Voices from the Idaho EdNews Community

Use Idaho’s Excess Revenues to Save Lives, Not More Money

Melissa Wintrow

What if you were hanging on the edge of a cliff and your friend leaned down and started rapping hard on your fingers, at the same time telling you it will be alright? Unfortunately, that’s what some Idaho politicians are doing to citizens who are trying to access vital services in this pandemic to keep from completely falling off the edge of a financial cliff.

In fact, in the face of unprecedented revenue surpluses, last week Governor Little proposed a tax cut, spending on transportation, and an inappreciable tip of the hat to education, instead of investing in our state and our citizens when we need it most. There was no specific mention about how we can support teachers stretched beyond capacity, nor on how to support the strain on our health care system beyond trying to bribe unmasked Idahoans to take heed and do the right thing or their tax cuts will be eaten up in the healthcare system. There was also no clarification about who would be receiving a tax cut, leaving Idahoans worrying that they’ll be paying more taxes to supplement for additional cuts for the wealthiest taxpayers.

I won’t ask politicians to read between the lines, I will spell it out: we need to invest in our hospitals, Medicaid, medical workers, healthcare system, and housing preservation. I have heard politicians propose gutting Medicaid Expansion when it has already saved lives and saved money! Hospitals are on the brink of rationing care due to the rising number of COVID cases because we can’t require a simple facial covering and limit social gatherings to reduce strain on the system and reduce financial costs. Yet those same people are discussing how they can cut vital health care for our front line workers at a time we need health care the most!

Nothing screams crisis like hospitals being forced to decide who gets lifesaving care and who doesn’t, but Idaho Republicans tap a little harder on your fingers and put a bandaid on a gusher. It looks like the Governor will ask the legislature to slash the state’s budget again despite another revenue surplus. Those cuts mean fewer services, longer lines, reduced customer service, less access to the things you need. After cutting vital spending across agencies last year and earlier this year, state agencies are hanging on by a thread and so are our citizens. I have been getting emails from people who can barely make a living, pay the rent, or find medical care, especially those elderly folks in independent living situations who can’t find in-home services due to the nursing shortage and wage crisis.

Healthcare, education, medical resources, criminal justice, and other vital services will be on the chopping block once again. Excessive budget cuts, a revenue surplus, increased federal funding, and an uncontrolled pandemic have not convinced the Republican leadership to invest in programs that keep Idahoans healthy, improve our economic resilience, prepare students for a competitive workforce, and save lives.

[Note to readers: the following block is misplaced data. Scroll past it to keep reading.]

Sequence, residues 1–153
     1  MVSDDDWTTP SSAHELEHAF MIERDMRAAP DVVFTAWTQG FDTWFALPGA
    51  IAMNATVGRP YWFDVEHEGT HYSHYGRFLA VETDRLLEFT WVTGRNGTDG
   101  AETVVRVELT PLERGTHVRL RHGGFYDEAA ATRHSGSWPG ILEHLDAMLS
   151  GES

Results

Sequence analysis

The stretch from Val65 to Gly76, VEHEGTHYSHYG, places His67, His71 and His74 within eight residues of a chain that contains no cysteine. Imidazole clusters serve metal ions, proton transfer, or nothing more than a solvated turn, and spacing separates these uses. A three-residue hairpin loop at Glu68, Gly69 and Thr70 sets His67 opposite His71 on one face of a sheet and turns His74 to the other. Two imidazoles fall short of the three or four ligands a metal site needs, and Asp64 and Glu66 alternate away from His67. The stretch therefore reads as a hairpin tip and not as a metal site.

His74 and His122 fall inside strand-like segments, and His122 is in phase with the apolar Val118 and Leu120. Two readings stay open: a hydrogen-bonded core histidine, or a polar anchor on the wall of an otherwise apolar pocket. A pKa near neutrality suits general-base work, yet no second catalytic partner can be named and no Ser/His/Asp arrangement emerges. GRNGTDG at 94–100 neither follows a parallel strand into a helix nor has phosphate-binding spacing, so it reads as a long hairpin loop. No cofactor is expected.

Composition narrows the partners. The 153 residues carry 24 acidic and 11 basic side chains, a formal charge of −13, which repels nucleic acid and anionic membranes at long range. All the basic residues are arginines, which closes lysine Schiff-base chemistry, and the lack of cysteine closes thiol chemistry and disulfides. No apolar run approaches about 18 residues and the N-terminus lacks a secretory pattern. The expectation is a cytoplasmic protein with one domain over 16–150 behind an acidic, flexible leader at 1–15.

The Idaho legislature is hoarding taxpayer dollars in the rainy day fund while asking Idahoans to keep hanging on; help will be on the way, someday…The dollars in the General Fund are our tax dollars that the legislature should use to reinvest in our communities when we need it most. We currently have $600 million in estimated excess revenue, $630 million in rainy day and reserve funds, over $100 million sequestered in the internet sales tax fund, and after a CFAC decision this week, $150 million more freed up in the General Fund from federal reimbursements for public health and safety.

The Idaho healthcare system is on the brink of crisis and falling off the cliff; Republican politicians need to stop rapping on our fingers and find ways to help us, not make more cuts or spend in the wrong places. Idaho will not be safer with less medical staff, fewer people insured, fewer hospital resources, and more people homeless. Schools will not be able to get students up to speed after this tumultuous year if they don’t have enough teachers and cut other education resources from their paper-thin funding.

Idahoans are hanging on for dear life, and Republican politicians need to do more than strategize better ways to push us off the edge of the cliff. We need to invest in our citizens and lend a hand up in this overwhelming crisis.

Melissa Wintrow

Melissa Wintrow

Sen. Melissa Wintrow, represents District 19, is serving her first term in the Idaho Senate after three terms in the House. She sits on the health and welfare, judiciary and rules, and transportation committees. Sen. Wintrow previously taught gender studies courses at Boise State University.

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